More information about Pupil Premium funding can be found ‚Üíhere ‚Üź and also how to ascertain whether or not your child is eligible to register.
The pupil premium is additional funding received by schools for each pupil from disadvantaged families.
Its purpose is to ensure these pupils make the same progress and have access to the same opportunities as other pupils.
It is the schools decision as to how this money is best spent.
It is allocated to schools based on the number of children who come from low-income families which is defined as those who are currently known to be eligible for free school meals.
This means pupils who are entitled and have registered for free school meals however, do not necessarily take the meal are also eligible.
It also includes:
- pupils who have been eligible for free school meals at any point in the last six years
- children who are ‘looked after’ *(see bottom of page for full details)
For 2015-16 the pupil premium is ¬£1320 per pupil in years R to 6 and ¬£935 per pupil in years 7 to 11.
Looked after children receive up to ¬£1,900, ¬£1,000 of which is automatically received by the school and the remainder is accessible through the pupils‚Äô Personal Education Plan.
To see if your child is eligible for free school meals visit the DFE website
How we spend the pupil premium
Click¬†here for our 2014/2015 report on how Pupil Premium funding was spent
Click¬†here¬†for our 2013/2014 report on how Pupil Premium funding was spent
Click here for our 2015/2016 report on how Pupil Premium funding was spent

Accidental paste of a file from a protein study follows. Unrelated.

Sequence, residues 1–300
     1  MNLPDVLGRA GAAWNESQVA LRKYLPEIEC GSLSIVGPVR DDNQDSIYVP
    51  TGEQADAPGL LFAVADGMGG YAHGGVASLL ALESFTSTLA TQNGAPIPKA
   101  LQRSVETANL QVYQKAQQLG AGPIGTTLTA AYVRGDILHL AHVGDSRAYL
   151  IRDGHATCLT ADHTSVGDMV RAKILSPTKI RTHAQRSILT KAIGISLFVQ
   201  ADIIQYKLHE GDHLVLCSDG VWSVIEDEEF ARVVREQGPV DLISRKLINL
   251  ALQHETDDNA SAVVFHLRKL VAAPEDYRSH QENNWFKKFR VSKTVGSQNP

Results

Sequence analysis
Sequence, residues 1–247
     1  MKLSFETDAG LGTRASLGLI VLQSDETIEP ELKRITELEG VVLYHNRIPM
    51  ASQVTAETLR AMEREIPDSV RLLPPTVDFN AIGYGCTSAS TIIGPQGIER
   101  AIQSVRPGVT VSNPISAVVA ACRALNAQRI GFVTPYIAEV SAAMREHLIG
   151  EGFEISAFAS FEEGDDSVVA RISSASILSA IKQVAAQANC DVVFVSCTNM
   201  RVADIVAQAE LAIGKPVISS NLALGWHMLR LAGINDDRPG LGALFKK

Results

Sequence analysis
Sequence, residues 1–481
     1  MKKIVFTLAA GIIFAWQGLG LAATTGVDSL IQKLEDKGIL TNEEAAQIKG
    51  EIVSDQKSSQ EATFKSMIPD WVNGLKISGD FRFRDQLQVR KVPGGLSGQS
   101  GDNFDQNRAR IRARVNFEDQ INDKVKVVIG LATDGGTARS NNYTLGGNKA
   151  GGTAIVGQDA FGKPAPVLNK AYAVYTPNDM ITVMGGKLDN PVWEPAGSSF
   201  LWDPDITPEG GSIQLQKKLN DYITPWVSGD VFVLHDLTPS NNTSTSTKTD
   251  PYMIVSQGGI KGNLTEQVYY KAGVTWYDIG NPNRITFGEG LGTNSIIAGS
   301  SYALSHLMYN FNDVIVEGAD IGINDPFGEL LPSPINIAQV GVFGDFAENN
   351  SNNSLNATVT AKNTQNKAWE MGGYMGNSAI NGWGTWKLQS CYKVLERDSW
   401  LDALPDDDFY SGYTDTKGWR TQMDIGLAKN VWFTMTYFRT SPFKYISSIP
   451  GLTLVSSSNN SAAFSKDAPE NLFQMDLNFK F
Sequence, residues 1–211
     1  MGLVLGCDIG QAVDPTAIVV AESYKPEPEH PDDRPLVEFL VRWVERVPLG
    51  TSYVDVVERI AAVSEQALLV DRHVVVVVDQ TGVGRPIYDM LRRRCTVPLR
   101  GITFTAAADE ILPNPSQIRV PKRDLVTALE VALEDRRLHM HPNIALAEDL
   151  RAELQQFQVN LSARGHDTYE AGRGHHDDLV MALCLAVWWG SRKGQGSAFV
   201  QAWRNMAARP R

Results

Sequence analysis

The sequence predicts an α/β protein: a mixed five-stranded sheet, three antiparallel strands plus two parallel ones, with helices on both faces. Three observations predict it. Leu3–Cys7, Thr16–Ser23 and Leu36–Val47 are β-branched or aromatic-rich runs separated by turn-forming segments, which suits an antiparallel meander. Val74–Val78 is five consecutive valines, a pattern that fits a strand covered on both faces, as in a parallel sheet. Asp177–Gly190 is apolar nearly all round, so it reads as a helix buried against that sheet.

For 2016-17 the school has been allocated a total of ¬£38235¬† and carried forward ¬£3,104.14 from 15/16. The school will continue to adopt its highly individualized approach to spending the premium. Please note at this stage the 16/17 allocation is indicative and could be increased/decreased in the coming months.
An evaluation of 2016-2017 spending will be published by the end of July 2017.
All spending of pupil premium funds¬†is planned and is either pupil or small group specific. Plans include clear aims, actions to be undertaken and review points to assess the success of the plans and inform future decisions.
The school maintains case studies demonstrating impact and will continue to monitor progress of this cohort in terms of academic progress and having the same opportunities as their peers.
* In UK law, children in care are referred to as ‘looked after children’. A child is ‘looked after’ if they are in the care of the local authority for more than 24 hours. Legally, this could be when they are:
- living in accomdation provided by the local authority with the parents’ agreement
- the subject to an interim or full care order or, in Scotland, a permanence order
- the subject of an emergency legal order to remove them from immediate danger
- serving time in a secure children’s home, secure training centre or young offender institution
- unaccompanied asylum seeking children
A child will stop being ‘looked after’ when they are either adopted, returned home or turn 18. The local authority will continue to support children leaving care at 18 until the reach 21.